"There is nothing but a lack of social vision to prevent us from paying an adequate wage to every American citizen whether he be a hospital worker, laundry worker, maid, or day laborer," Martin Luther King Jr. wrote thirty-five years ago in his book Where Do We Go From Here. "There is nothing except shortsightedness to prevent us from guaranteeing an annual minimum and livable income for every American family."
As the nation celebrates Dr. King's life this weekend, Sen. Edward Kennedy and a broad alliance of religious and community groups are honoring King's dream of social and economic justice with a bold new vision for a national living wage. The Let Justice Roll Campaign--a unique coalition of more than fifty groups including ACORN, The Center for Community Change, the United Methodist Church, and the Union of Reform Judaism, among others-- kicks off its "Living Wage Days" this weekend.
Events will be held across the country, including in Quincy, Mass, where Kennedy, who vigorously led the fight to boost the federal minimum wage in 2005, will speak on the critical need for an increase. If you or your organization would like to take part in the nation-wide movement, click here to sign up and here for a resource guide.
The timing of this effort couldn't be more appropriate. While the states are pushing ahead on the minimum wage (and the New York Times and other media have just begun to notice!) the federal minimum wage has been at a standstill for more than eight years. If we don't see an increase by September, it will be the longest the country has ever gone without one.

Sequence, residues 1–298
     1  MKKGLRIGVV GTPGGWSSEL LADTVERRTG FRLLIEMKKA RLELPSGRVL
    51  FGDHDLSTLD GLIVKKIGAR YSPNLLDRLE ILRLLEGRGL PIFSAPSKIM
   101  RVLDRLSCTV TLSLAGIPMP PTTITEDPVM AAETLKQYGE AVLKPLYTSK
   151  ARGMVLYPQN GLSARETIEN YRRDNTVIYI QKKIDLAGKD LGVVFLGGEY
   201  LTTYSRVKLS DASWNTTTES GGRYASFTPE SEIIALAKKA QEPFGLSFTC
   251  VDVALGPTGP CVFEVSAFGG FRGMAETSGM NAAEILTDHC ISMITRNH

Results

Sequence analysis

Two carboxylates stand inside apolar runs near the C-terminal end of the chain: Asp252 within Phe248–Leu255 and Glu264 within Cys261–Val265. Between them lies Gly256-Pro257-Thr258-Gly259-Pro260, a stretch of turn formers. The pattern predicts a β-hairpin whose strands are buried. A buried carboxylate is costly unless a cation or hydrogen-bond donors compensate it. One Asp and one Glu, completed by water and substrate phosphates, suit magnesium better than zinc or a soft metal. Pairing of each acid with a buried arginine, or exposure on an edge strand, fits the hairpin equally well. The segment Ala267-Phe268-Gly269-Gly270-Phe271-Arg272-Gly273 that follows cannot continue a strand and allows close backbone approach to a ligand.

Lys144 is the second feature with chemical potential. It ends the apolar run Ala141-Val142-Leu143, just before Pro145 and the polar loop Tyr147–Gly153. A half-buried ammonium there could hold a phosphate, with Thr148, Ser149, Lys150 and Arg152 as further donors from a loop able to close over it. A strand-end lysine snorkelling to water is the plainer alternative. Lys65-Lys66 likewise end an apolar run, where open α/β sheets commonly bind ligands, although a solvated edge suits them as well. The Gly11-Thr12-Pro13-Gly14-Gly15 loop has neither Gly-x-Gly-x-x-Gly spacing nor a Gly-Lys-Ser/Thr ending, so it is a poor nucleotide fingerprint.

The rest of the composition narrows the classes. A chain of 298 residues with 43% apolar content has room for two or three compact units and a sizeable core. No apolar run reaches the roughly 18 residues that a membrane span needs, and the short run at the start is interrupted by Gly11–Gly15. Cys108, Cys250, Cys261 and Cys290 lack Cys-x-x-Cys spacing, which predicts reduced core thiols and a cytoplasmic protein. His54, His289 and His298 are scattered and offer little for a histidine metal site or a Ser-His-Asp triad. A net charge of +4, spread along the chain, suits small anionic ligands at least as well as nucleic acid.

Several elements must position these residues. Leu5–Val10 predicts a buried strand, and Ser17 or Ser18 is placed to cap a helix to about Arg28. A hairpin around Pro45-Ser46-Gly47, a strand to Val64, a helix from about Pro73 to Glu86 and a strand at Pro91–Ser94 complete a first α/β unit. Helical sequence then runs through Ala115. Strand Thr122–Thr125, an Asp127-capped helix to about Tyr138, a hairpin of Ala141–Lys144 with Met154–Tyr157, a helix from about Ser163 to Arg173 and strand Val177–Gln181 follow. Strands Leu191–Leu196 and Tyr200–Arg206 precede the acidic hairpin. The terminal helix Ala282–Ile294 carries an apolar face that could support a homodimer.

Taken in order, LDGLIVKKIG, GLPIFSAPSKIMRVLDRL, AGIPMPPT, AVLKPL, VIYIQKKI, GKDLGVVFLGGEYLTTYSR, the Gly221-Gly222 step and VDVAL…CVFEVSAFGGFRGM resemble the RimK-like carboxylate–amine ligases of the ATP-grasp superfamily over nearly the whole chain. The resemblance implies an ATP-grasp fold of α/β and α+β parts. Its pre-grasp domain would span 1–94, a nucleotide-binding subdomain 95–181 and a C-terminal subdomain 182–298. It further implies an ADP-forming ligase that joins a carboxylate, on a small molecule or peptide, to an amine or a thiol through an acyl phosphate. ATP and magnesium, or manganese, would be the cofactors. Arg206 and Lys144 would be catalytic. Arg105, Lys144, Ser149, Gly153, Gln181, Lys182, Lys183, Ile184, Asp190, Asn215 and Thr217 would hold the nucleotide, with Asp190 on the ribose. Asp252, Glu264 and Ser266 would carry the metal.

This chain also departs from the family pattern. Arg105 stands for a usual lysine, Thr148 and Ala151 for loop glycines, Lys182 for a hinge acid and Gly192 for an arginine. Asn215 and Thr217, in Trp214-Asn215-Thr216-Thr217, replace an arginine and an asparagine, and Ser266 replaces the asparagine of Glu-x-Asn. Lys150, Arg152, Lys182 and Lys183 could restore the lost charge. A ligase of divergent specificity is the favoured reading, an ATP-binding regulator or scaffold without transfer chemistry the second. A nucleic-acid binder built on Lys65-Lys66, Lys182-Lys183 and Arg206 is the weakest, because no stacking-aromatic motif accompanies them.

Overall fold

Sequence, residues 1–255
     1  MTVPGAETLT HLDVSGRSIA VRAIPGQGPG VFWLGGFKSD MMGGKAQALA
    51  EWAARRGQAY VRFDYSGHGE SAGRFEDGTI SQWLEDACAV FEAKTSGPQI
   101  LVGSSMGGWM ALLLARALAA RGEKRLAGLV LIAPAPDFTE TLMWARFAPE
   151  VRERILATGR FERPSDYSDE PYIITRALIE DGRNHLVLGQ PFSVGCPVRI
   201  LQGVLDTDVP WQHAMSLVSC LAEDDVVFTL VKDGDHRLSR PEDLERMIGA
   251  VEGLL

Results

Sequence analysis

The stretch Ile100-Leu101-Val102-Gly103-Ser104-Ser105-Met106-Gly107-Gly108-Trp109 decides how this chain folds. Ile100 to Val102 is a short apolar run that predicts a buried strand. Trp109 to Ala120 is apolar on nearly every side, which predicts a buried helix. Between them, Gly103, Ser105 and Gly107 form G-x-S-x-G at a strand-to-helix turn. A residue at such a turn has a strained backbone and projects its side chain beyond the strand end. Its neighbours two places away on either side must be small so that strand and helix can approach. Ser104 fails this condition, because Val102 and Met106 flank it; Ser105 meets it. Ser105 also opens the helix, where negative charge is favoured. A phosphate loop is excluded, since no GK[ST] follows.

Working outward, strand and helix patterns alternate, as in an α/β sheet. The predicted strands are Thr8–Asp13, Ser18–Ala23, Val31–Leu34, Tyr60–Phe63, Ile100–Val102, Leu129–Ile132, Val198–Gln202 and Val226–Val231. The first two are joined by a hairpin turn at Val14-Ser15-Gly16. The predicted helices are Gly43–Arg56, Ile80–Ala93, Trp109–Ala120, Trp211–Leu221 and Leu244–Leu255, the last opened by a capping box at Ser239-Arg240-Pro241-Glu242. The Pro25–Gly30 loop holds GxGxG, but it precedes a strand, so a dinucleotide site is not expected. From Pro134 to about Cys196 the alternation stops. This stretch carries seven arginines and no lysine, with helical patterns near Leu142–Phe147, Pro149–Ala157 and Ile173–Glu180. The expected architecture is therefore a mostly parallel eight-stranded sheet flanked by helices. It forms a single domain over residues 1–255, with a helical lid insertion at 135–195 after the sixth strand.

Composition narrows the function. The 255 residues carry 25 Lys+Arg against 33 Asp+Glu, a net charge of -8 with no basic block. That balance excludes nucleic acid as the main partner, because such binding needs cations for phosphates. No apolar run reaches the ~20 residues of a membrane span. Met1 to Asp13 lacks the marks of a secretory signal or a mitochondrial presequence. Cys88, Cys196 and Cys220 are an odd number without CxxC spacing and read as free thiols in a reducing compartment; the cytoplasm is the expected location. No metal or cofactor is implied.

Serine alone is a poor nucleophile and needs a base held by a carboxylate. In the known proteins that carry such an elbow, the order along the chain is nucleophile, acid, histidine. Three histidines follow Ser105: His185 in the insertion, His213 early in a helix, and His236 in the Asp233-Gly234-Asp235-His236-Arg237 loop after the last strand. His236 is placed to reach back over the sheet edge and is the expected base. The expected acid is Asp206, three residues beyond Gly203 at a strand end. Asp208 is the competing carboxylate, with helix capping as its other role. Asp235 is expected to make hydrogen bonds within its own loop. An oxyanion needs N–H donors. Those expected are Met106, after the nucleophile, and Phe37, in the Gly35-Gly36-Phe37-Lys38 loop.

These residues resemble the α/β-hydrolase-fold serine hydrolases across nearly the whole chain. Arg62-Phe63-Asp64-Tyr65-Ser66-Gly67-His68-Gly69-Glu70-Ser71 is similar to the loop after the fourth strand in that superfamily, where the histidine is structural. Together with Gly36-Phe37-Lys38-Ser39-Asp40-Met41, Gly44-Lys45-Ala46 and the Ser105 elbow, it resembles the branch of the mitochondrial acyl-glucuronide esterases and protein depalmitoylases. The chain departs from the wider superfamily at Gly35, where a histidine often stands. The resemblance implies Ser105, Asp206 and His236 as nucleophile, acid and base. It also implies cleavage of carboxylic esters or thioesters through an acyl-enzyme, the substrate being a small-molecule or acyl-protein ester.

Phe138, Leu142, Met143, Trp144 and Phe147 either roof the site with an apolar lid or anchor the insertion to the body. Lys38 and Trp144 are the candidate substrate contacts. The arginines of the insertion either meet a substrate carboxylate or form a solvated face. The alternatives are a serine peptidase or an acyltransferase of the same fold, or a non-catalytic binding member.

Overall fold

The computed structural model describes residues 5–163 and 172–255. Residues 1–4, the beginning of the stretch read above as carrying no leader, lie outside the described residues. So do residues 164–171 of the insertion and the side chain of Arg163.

As Dr. King would say, "Now is the time for all of us to move forward, not retreat, on the road toward a more just society. Now is our timewe cannot wait."
UPDATE: Maryland's Wal-Mart Law Is Official!
Yesterday, Maryland's legislature overturned Republican Governor Robert Ehrlich's veto and passed the Fair Share Health Care Act, a bill we've been following since last April. Thisbreakthrough law makes Maryland the first state in the nation to require that Wal-Mart devote a share of its payroll to health benefits for employees. "We don't want to kill this giant," Del. Anne Healy, the bill's lead sponsor in the House, told the Washington Post. "We want this giant to behave itself."
More than half of Wal-Mart's 1.3 million employees nationwide are forced to rely on Medicaid programs because they're not covered by the company's health insurance. But Maryland's precedent could have a major impact on the rest of the country, where similar acts are being introduced in 33 other states.
We wrote back in April of '05, "[W]ith continued pressure from activists and legislative action from the states, America's corporations could face a future in which social responsibility is no longer optional." Yesterday's news is a big step in this direction.
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Co-written by Sam Graham-Felsen, a freelance journalist, documentary filmmaker and blogger (www.boldprint.net) living in Brooklyn.